26th July 2019
The article discusses The Lawyers recent survey of more than 200 solicitors in the UK and their views on Litigation Funding.
UK law firms are increasingly seeing the benefits of working with litigation funders. But a trust deficit remains among the uninitiated around costs and process. Funders must work to resolve this
Recently, The Lawyer surveyed more than 200 solicitors in the UK to ask about their views on litigation funding. The results were clear –
lawyers who had prior experience of working with funders were overwhelmingly positive. But feedback from those without prior contact was far less supportive, indicating mistrust and uncertainty over how funders work, and the pros and the cons of financing. It is time that the funding industry as a whole recognises that to succeed in our collective mission to enable access to justice, we must adapt to improve transparency in everything that we do.
The market believes litigation funding has an important and growing role to play in UK cases. The overwhelming majority of The Lawyer’s survey respondents – 69 per cent – said that they expect funding to become available across a wider selection of cases in future. Key benefits of funding were cited as offering alternative fee arrangements to clients and enabling solicitors to win work they otherwise might have turned down. Other positives identified by users of funding were the “extra pair of eyes” that well-managed funders can bring to a case through their diligence processes. But this positivity, based on the experience of funding on cases, was lower among the uninitiated, who questioned whether a lack of clarity on pricing could lead to unexpected costs and a loss of control. While these concerns are only held by a minority of those who had worked with funders before, the presence of these views among those without firsthand contact is worrying for the funding industry. It shows that we must all address both how we manage our pricing and process, and how we communicate what these will be, something not all of us have excelled in, as we have raced to meet
More transparency and diligence needed
This need to improve transparency across the industry is all the more important today, given the recent judgment in Davey v Money & Anor. The judgment focused on the often-named ‘Arkin cap’, what was considered an established precedent which capped a funder’s potential exposure to adverse costs at the quantum of their actual investment in a case and thus prevented uncapped liability for costs. In the Davey case, the Arkin cap was set aside, exposing the funder to costs of more than five times their original investment. This will rightly cause those considering funding speculative cases to reflect on the appropriateness of their investments. And it demonstrates the need for extra diligence in case selection and transparency around that decision making.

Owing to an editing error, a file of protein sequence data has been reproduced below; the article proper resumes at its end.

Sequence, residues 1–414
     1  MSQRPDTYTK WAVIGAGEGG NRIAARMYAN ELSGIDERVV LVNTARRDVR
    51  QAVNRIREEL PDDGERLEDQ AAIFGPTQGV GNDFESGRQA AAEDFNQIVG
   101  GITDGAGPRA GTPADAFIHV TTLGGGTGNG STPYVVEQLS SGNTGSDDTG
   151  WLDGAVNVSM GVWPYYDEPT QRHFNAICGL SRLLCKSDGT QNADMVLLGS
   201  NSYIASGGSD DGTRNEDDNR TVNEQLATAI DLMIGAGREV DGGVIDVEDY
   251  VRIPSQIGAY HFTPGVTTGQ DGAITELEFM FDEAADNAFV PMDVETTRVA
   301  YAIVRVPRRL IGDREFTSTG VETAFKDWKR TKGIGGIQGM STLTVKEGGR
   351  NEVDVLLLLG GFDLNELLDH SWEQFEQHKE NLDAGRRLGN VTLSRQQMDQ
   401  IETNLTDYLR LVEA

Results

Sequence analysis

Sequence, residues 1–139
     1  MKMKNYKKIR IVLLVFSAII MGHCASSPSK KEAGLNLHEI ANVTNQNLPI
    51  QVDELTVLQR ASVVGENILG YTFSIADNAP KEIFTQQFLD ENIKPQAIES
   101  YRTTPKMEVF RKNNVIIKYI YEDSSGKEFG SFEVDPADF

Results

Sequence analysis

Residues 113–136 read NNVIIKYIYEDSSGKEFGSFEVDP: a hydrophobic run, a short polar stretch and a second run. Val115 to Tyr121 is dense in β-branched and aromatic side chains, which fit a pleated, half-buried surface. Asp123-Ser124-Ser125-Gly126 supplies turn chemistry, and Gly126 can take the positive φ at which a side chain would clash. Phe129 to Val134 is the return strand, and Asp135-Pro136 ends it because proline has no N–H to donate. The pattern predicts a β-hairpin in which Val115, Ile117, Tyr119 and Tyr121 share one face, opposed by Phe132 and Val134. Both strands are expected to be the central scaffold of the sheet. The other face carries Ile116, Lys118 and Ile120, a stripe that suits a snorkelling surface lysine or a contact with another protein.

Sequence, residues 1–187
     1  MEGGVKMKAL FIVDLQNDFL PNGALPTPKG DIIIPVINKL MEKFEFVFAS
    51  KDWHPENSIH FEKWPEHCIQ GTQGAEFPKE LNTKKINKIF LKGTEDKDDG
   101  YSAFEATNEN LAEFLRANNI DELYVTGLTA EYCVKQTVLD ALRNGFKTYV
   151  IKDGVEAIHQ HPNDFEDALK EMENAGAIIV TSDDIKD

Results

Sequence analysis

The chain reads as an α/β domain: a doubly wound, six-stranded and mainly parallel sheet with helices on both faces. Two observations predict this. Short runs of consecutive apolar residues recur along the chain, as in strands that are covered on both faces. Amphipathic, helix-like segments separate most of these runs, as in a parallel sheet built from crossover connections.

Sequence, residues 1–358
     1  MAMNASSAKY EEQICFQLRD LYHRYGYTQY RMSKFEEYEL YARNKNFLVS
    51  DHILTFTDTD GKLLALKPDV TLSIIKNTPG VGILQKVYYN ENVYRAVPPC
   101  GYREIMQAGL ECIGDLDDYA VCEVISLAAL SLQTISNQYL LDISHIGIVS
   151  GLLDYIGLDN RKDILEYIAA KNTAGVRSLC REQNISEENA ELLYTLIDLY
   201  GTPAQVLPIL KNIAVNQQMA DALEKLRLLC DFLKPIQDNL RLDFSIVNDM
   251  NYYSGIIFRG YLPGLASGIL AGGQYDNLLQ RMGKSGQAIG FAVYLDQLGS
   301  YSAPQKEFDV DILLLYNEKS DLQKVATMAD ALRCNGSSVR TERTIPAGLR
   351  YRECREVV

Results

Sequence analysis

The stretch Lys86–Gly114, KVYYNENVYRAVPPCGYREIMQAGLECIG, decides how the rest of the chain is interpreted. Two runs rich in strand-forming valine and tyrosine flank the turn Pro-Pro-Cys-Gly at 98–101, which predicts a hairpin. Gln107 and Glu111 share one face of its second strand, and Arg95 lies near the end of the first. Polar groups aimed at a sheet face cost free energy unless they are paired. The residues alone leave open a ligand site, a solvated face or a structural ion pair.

Honesty is the best policy
Funders have a duty to their clients and their investors to ensure that each of the processes, case selection and terms of potential funding arrangements are not only responsible but also seen as such on legal, financial and commercial grounds. The route to this worthwhile outcome is transparency in approach and in negotiations. We must be up-front on all the steps and costs at every stage of a funding application. And we should encourage the lawyers we are working with to ensure their clients fully understand not just the benefits of funding, which are typically clear, but how and when funding is appropriate, and whether funders will progress a case, and what costs they will take from recoveries.
Room for improvement
With the UK legal market valued at £35bn in 2018, and with growth forecast at 5 per cent in the coming years, there is increasing scope for litigation funding. Those lawyers and claimants who have already touched funding are clear on the benefits, so others can be assured that funding offers a good opportunity for lawyers to support meritorious claims and for claimants who otherwise might not have had a route to justice, now to be able to pursue their claim. But funders need to up their game in communication in order to build trust among the potential beneficiaries of what we have to offer, many of whom are yet to engage with funding.
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